How to perform well under pressure
Having a positive attitude about yourself can help you to perform better under stress
Ireland hooker Rory Best. Photograph: Filippo Monteforte/AFP via Getty Images
We hear a lot nowadays about pressure and stress, for example second level students and the CAO points race; the struggle to get on the housing ladder, achieving high performance in sports, etc. The psychology behind coping and performing under pressure is reviewed by Emma Young in the Research Digest of the British Psychological Society .
Stress is a normal part of life and, at appropriate levels, is good for us – Eustress. The body is programmed with automatic physiological reactions to changes that requires physical, mental or emotional responses. For example, when you suddenly encounter danger your body automatically releases adrenaline, a hormone that initiates increased heart rate, faster breathing and tensed muscles, preparing you for “fight or flight”. If you continue to sense danger the body releases the hormone cortisol that raises blood glucose levels to power fight or flight. Without this automatic reaction to perceived danger the human race would not have survived for long.
Other forms of “good stress” are initiated by significant positive events in our lives such as getting married, getting your first house, having a baby, starting a new job, and so on. This type of stress tends to empower you and sharpen your focus so that you rise to the occasion. You experience good stress as a positive energy that is not at all unpleasant.
And then we have “bad stress” – distress – where we inappropriately activate the fight or flight response on an ongoing basis. This type of stress is unpleasant and debilitating and, over time, chronically elevated cortisol levels can initiate/worsen serious health problems, both mental (depression and anxiety) and physical (heart disease, high blood pressure, heart attacks and strokes). A chronic bad-stress situation would be, for example, working under very demanding and unsympathetic superiors.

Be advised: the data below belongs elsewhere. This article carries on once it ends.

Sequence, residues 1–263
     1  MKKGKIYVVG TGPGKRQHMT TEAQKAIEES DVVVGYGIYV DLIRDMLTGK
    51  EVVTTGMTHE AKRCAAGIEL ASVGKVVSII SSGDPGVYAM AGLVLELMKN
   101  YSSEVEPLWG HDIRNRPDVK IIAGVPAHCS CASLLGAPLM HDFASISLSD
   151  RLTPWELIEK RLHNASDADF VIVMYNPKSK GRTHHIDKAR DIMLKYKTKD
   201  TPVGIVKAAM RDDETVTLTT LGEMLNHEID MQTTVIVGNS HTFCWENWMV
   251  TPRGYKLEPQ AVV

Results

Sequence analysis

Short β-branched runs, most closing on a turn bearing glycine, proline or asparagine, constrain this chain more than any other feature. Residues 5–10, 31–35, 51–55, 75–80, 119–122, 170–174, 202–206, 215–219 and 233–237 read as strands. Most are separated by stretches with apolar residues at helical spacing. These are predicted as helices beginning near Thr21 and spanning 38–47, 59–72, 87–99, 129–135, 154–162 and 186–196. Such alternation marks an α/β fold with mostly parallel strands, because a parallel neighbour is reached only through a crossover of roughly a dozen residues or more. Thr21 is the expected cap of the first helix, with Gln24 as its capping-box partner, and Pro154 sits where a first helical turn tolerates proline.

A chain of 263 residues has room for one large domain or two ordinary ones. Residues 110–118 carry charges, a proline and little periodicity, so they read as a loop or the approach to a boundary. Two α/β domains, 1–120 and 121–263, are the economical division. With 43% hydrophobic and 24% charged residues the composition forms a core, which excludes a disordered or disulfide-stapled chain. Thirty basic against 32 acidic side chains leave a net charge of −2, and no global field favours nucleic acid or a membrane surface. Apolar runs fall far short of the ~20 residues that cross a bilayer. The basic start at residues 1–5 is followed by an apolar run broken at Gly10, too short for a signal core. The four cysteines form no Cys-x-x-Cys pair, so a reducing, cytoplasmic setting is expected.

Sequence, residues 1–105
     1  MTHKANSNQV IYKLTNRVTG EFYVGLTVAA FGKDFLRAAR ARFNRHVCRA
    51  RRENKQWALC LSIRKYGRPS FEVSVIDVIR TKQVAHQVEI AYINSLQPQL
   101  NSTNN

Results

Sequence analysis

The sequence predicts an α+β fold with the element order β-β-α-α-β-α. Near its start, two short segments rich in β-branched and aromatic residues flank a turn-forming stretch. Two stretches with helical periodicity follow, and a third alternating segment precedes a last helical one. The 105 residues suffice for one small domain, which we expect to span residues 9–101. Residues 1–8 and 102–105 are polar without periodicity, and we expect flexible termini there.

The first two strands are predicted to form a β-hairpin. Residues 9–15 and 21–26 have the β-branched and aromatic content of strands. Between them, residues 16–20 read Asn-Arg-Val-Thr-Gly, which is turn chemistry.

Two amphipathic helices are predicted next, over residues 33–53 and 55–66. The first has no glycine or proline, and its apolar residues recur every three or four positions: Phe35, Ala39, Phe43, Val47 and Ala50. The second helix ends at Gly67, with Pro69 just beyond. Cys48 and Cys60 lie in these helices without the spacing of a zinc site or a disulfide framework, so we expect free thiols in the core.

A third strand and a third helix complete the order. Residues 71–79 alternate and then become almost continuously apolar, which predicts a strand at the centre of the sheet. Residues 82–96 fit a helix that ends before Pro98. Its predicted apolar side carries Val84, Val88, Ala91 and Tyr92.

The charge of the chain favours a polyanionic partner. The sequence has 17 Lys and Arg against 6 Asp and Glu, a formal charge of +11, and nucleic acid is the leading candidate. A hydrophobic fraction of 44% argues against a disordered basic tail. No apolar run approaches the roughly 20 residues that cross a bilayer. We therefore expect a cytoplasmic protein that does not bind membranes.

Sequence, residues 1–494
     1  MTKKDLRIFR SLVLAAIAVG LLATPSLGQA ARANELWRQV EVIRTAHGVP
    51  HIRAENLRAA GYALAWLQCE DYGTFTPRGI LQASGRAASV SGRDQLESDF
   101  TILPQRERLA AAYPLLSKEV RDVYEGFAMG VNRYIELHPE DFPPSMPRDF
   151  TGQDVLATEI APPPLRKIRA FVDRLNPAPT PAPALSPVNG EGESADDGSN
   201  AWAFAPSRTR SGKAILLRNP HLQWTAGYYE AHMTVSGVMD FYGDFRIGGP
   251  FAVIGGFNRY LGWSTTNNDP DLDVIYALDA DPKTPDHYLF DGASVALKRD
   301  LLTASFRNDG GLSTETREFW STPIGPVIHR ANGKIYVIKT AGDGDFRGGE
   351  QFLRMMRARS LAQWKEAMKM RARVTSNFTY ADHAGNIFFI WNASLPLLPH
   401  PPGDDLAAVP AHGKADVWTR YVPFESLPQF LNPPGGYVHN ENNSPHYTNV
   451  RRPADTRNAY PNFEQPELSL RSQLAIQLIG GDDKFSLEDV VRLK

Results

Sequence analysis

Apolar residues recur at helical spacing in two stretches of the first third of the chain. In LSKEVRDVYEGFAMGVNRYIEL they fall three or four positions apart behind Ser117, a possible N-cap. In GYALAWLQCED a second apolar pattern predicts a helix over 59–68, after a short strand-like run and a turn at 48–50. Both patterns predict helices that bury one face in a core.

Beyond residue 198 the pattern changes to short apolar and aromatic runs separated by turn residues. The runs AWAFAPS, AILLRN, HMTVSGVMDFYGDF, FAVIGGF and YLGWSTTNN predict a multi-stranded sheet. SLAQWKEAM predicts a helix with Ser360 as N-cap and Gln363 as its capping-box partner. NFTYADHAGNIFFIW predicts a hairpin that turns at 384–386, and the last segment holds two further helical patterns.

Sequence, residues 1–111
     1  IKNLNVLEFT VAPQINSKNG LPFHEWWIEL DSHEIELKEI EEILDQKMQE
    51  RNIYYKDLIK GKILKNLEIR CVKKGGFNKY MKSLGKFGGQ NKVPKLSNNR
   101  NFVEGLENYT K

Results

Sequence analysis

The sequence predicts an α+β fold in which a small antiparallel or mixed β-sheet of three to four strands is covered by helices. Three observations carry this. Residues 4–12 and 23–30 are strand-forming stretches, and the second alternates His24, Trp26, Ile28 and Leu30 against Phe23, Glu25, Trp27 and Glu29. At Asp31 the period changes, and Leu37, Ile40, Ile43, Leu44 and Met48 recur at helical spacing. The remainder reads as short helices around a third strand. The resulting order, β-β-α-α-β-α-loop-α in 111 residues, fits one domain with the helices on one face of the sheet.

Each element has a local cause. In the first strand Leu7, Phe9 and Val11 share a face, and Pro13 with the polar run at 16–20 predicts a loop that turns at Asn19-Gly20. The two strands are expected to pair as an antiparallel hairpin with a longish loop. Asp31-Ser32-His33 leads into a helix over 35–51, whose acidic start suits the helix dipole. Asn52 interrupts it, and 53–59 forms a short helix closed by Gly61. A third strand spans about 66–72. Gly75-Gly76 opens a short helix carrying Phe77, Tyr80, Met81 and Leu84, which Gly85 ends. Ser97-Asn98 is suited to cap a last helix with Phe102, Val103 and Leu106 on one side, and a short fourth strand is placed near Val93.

Emma Young explains that your “stress mindset” is important in the determining how you handle stress/pressure. A positive stress mindset recognises that challenge can boost your motivation, sharpen your focus and offer learning opportunities. A negative mindset fears stress, finding it unpleasant and debilitating.
Research has shown that people with a positive stress mindset devise coping strategies to boost performance and to feel energised when faced with a challenge. The opposite happens to people with negative stress mindset. People with a negative mindset can help themselves by consciously focusing on the positive aspects of stress characteristic of the positive mindset.
Research has also shown that being cheerful and/or having a positive attitude about yourself helps you to perform better under stress. Friends are important and even a text message from a friend is helpful when you are facing a stressful situation, as also is conjuring up a mental image of your romantic partner.
Under high pressure some peoples’ skills deteriorate drastically – they “choke” under pressure. Choking has been intensively studied in sport. For example, Young reports that elite male tennis players are twice as adversely affected by high-pressure than female players, apparently because males secrete higher amounts of cortisol than females.
The opposite phenomenon to choking is “clutch performance” where performance level dramatically increases under pressure. Athletes report being in a “state of flow” in clutch performance – so involved in their sport that they are not even aware of the spectators, intensely focused on the task, maintaining intense effort over time and not thinking about failure.
Reassessing what is happening can dramatically reduce risk of choking and generally help you cope better, eg when playing tennis instead of thinking “I am serving poorly and may lose” think “I am returning serve well and could win”. Ireland’s national rugby team captain Rory Best made a telling comment in The Sunday Independent recently: “Since I’ve turned 30, I’ve played my best rugby, and part of that has actually been it not being the be all and end all in life.”
Finally, we must accept that “shit happens”. There is no way to avoid some bad stress so we must develop resilience and manage our stress. Work on developing a positive stress mindset, cultivate cheerfulness and optimism, take plenty of aerobic exercise, develop a hobby, cultivate friendships and good work-life balance. And don’t worry, you are not uniquely vulnerable. Life is the same old ding-dong for everybody.
William Reville is an emeritus professor of biochemistry at UCC